18. A method comprising:
receiving a collection of data sets of labeled images, each labeled image of a data set having a variation of illumination distinguishing the labeled image from other labeled images in the data set;
mapping, using a processor, each data set of the collection of data sets to a point on a Grassmann manifold;
mapping a data set of unlabeled images to a point on the Grassmann manifold, each unlabeled image having a variation of illumination distinguishing the unlabeled image from other unlabeled images in the data set;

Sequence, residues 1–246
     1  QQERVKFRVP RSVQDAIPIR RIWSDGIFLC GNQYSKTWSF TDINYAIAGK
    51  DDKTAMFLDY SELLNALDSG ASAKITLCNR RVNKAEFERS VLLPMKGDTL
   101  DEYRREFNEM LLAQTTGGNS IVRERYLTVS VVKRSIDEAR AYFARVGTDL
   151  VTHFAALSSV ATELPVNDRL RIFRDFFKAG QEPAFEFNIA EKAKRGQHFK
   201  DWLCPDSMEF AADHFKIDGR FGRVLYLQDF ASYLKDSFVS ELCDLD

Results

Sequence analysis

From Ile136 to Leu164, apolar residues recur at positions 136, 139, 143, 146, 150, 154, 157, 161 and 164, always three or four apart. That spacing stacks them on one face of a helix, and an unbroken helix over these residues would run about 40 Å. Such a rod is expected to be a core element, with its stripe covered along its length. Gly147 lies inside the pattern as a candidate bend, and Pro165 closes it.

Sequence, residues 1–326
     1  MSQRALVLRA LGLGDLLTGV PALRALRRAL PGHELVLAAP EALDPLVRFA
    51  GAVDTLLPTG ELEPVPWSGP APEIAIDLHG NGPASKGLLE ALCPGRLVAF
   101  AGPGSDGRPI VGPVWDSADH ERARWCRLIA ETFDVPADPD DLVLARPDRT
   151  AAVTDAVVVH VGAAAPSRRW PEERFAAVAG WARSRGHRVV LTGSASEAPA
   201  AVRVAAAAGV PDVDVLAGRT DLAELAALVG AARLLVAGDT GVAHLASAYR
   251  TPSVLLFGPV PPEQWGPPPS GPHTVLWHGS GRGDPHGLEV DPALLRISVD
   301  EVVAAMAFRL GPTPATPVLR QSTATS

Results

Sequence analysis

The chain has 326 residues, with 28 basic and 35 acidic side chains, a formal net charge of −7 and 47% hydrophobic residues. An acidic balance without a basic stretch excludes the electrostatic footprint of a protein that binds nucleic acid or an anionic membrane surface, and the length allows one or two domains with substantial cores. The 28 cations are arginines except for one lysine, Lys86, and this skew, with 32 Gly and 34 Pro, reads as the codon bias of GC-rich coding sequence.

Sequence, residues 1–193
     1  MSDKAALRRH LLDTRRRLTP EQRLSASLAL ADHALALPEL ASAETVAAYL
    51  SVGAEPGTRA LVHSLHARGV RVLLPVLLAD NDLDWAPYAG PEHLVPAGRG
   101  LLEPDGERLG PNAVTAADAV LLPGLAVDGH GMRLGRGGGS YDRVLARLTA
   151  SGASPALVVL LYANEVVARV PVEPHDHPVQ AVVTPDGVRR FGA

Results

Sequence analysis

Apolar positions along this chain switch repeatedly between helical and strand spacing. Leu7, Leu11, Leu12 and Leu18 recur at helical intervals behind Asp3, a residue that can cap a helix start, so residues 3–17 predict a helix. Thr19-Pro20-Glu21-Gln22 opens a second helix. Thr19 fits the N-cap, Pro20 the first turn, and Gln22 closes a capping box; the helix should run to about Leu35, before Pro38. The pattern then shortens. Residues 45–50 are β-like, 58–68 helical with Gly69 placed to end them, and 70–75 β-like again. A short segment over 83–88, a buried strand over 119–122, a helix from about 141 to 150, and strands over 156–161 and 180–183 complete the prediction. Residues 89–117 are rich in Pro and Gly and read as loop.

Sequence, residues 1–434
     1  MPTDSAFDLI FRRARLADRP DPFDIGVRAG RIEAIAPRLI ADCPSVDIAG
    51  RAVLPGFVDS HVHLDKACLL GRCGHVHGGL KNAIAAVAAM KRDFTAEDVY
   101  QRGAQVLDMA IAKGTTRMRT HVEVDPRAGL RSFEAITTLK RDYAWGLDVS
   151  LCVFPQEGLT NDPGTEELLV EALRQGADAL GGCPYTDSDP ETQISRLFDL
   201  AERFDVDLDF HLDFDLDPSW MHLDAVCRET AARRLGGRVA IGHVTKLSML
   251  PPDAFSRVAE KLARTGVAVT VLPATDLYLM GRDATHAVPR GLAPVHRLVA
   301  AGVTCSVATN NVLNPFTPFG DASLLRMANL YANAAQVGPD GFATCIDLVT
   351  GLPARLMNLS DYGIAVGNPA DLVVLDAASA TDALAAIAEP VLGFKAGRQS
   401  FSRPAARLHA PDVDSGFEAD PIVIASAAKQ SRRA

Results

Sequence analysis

computing, on the Grassmann manifold, a similarity measure between the point mapped from the data set of unlabeled images and each point mapped from the data sets of labeled images;
if a similarity measure computed on the Grassmann manifold between the point mapped from the data set of unlabeled images and one of the points mapped from the data set of labeled images satisfies a similarity criterion evaluated on the Grassmann manifold, attributing the label of the data set of the labeled pattern mapped to the point satisfying the similarity criterion to the data set of unlabeled images.